Update: Shooting victim Deb Cotton has released a statement, posted below, calling for accountability in the city’s efforts to combat violent crime.
In the wake of the Mother’s Day shootings, the City Council’s Criminal Justice Committee meets this afternoon for what chairwoman Susan Guidry is calling a “full review” of Mayor Mitch Landrieu’s NOLA for Life violence-reduction initiative — including an analysis comparing the cost of the program and its effectiveness.
But while top officials of the Landrieu team are slated to testify, the administration thus far has not provided the council with requested information about the program’s budget.
“It does appear at this point, since we only have two hours tomorrow, that we will only be able to scratch the surface” of the budget for the programs, Guidry’s Chief of Staff Matthew Fraser said Tuesday. “What she [Guidry] wants to focus on is what these programs are, are they working.”
In a May 13 statement issued by her office, Guidry said the committee’s cost-benefit analysis would be “a review of the various programs under the NOLA for Life umbrella, the goals and targets associated with each, the metrics being used to measure success, and staffing and budget requirements.” Subsequent communications between Guidry’s office and administration officials, provided to The Lens, show that Guidry requested NOLA for Life budget information from the administration, but only limited figures were provided.
The meeting is scheduled to include testimony from Landrieu Chief of Staff Judy Reese Morse, New Orleans Police Department Superintendent Ronal Serpas and Health Commissioner Dr. Karen DeSalvo. I’ll live-blog it below.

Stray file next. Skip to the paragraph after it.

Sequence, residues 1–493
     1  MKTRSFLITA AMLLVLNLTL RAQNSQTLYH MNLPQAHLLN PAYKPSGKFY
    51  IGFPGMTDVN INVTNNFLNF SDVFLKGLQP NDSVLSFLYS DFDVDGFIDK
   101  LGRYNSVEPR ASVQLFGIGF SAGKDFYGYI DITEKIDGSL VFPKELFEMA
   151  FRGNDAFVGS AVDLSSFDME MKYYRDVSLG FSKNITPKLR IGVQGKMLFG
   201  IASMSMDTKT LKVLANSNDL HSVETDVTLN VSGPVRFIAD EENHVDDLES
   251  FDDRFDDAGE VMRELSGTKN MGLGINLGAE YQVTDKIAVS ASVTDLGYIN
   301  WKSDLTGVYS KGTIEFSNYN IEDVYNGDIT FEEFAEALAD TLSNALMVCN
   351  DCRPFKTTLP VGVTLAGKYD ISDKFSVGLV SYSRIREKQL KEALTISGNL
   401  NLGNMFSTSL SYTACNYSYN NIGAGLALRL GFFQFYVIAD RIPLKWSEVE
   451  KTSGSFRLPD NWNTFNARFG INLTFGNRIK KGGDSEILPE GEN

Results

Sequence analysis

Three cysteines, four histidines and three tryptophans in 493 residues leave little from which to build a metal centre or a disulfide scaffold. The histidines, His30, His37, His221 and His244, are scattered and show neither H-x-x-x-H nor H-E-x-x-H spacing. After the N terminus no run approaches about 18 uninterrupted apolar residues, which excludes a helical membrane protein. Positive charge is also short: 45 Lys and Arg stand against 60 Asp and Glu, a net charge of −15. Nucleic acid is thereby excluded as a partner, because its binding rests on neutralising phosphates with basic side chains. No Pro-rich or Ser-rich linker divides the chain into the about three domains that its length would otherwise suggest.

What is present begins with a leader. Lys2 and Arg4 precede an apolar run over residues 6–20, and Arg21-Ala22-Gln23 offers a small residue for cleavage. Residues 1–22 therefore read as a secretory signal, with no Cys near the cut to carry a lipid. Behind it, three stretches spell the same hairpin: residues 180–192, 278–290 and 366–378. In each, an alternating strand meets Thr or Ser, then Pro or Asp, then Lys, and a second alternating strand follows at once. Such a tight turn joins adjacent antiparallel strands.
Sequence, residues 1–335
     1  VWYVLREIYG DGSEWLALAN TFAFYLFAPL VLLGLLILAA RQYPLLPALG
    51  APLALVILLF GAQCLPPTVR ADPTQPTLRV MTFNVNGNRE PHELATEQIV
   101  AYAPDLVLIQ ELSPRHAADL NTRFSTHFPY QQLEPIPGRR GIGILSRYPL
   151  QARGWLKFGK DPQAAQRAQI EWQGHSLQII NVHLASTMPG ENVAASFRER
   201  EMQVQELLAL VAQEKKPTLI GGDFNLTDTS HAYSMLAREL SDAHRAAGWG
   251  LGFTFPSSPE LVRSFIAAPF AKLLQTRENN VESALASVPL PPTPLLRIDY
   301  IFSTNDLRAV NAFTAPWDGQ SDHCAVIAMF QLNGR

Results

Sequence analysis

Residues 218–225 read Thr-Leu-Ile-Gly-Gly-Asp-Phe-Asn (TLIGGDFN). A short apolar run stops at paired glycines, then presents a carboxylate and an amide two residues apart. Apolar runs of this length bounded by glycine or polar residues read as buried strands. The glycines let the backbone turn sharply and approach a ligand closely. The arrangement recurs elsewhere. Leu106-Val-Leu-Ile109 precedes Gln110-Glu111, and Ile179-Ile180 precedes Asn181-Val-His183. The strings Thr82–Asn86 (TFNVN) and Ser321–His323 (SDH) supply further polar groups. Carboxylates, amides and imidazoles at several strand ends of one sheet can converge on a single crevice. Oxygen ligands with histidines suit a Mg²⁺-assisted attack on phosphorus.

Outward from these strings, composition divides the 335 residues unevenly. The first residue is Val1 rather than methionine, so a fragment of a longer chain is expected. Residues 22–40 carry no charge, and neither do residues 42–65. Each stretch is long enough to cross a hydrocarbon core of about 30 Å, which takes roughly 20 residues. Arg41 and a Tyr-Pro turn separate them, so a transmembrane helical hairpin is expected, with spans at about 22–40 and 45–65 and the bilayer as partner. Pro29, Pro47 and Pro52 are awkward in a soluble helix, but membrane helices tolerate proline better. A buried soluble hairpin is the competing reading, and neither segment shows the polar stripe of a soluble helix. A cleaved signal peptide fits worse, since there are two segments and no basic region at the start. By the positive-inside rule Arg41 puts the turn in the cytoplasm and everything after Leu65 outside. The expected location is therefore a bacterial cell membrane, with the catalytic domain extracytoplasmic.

Facing a homicide rate 10 times higher than the national average, Landrieu introduced the multifaceted murder-reduction plan in his 2012 “State of the City” address. It draws on a number of nationally recognized crime reduction models, including criminologist David Kennedy’s early intervention and conflict resolution program, called Ceasefire, and Milwaukee’s Homicide Review Commission.
Landrieu has touted NOLA for Life as a “comprehensive plan to end murder and violent crime in our city.” In addition to Ceasefire New Orleans and the Mayor’s Strategic Command to Reduce Murders (a program inspired by the Milwaukee model), SOS NOLA Midnight Basketball and a new multi-agency gang unit are among programs under the NOLA for Life umbrella.
City budget documents for 2013 don’t include a NOLA For Life line item or separate items showing how parts of the plan are funded.
In a May 20 email to Morse, provided by Fraser, Guidry requested information that would help with a cost analysis of the program.
“Please get this information to me today, so that I may have time to review and prepare for Wednesday’s meeting. As we discussed, this would be the data collected regarding the cost of each of the programs and the effectiveness, the performance measures used, etc.,” Guidry’s email said.
But by Wednesday morning, Councilmembers had been given only annual costs for three NOLA for Life programs:
Ceasefire New Orleans: $165,000
SOS Midnight Basketball: no cost to general fund
the Mayor’s Strategic Command to Reduce Murders: $124,000
An email from Fraser to council members explained that the administration had provided Guidry’s office only the costs to the city’s general fund, not other funding sources.
City purchasing records show two active contracts, totaling nearly $500,000 in maximum value, with the Urban League of Greater New Orleans to oversee Ceasefire. City officials told NOLA.com/The Times-Picayune this week that Ceasefire New Orleans has received $295,000 in Wisner Donation funds, $245,000 from a Bloomberg Innovation Delivery Team grant and $81,000 from Baptist Community Ministries in 2013. Homicides, the article notes, have increased in Ceasefire’s Central City coverage area since the program’s inception.